When my son was eight months old, I gave him egg whites for breakfast. Fifteen minutes later, as the hives on his face expanded before my eyes, I was being grilled in an exam room by the on-call pediatrician. “Can you explain to me why you decided to introduce egg whites before the AAP recommends?”
Feeling more than a little ashamed and defensive I explained I hadn’t introduced egg whites before the American Academy of Pediatrics’s (AAP) recommended guidelines. The AAP hadn’t recommended restricting highly allergenic foods for low-risk children since at least 2008 and this was supported by guidelines from NIAID, the National Institute of Allergy and Infectious Diseases.
The pediatrician looked over my son, said the reaction was mild and he would likely outgrow it (he has), and said the last he checked egg whites weren’t to be introduced before 12 months, motioned towards my son and said “and this is why.” He left the room with what could be interpreted as a door slam.
This incident made me realize two things: Continue reading
In just under 10 minutes, Hank Green of YouTube’s famous SciShow
gives the most scientific (while easily understandable) explanation of why people opt out of vaccines. His video follows the thinking of Nobel Prize winner Daniel Kahneman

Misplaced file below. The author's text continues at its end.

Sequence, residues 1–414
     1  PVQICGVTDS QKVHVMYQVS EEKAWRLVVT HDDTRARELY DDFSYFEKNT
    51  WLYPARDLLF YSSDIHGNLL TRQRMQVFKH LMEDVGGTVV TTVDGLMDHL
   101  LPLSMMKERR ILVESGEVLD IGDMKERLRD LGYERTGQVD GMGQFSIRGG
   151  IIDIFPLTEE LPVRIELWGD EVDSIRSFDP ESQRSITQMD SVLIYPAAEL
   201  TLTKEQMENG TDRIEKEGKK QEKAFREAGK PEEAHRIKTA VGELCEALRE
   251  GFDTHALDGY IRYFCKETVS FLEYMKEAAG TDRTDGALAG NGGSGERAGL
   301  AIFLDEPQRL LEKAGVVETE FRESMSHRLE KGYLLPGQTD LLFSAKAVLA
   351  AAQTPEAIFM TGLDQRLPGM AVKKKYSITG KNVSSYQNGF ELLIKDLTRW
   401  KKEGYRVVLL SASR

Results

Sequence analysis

who claims that “[p]eople are much more afraid of their children dying from a vaccine than they are from a child dying of an illness that spreads naturally. If something would happen to their child after being vaccinated, their decision becomes a focus of enormous regret.” Continue reading
Judith has it hardest during the zombie apocalypse.
On last week’s Walking Dead the group’s leader, Rick, postulated that the zombie-filled post-apocalyptic world is easier for children to cope with because they don’t remember the world the way it used to be. That’s an interesting theory as it cuts to the heart of how child and adult brains cope with trauma and heal afterwards.
Let’s put Rick’s theory to the test: Do kids in the zombie apocalypse really have it easier than the adults? Continue reading
I recently listened to a radio interview comparing Sweden to the US with regard to vaccination rates. I should emphasize the fact that the two countries share very little in common when it comes to healthcare, which naturally informs the average citizen about their medical choices BUT one detail stood out to me. Herd Immunity.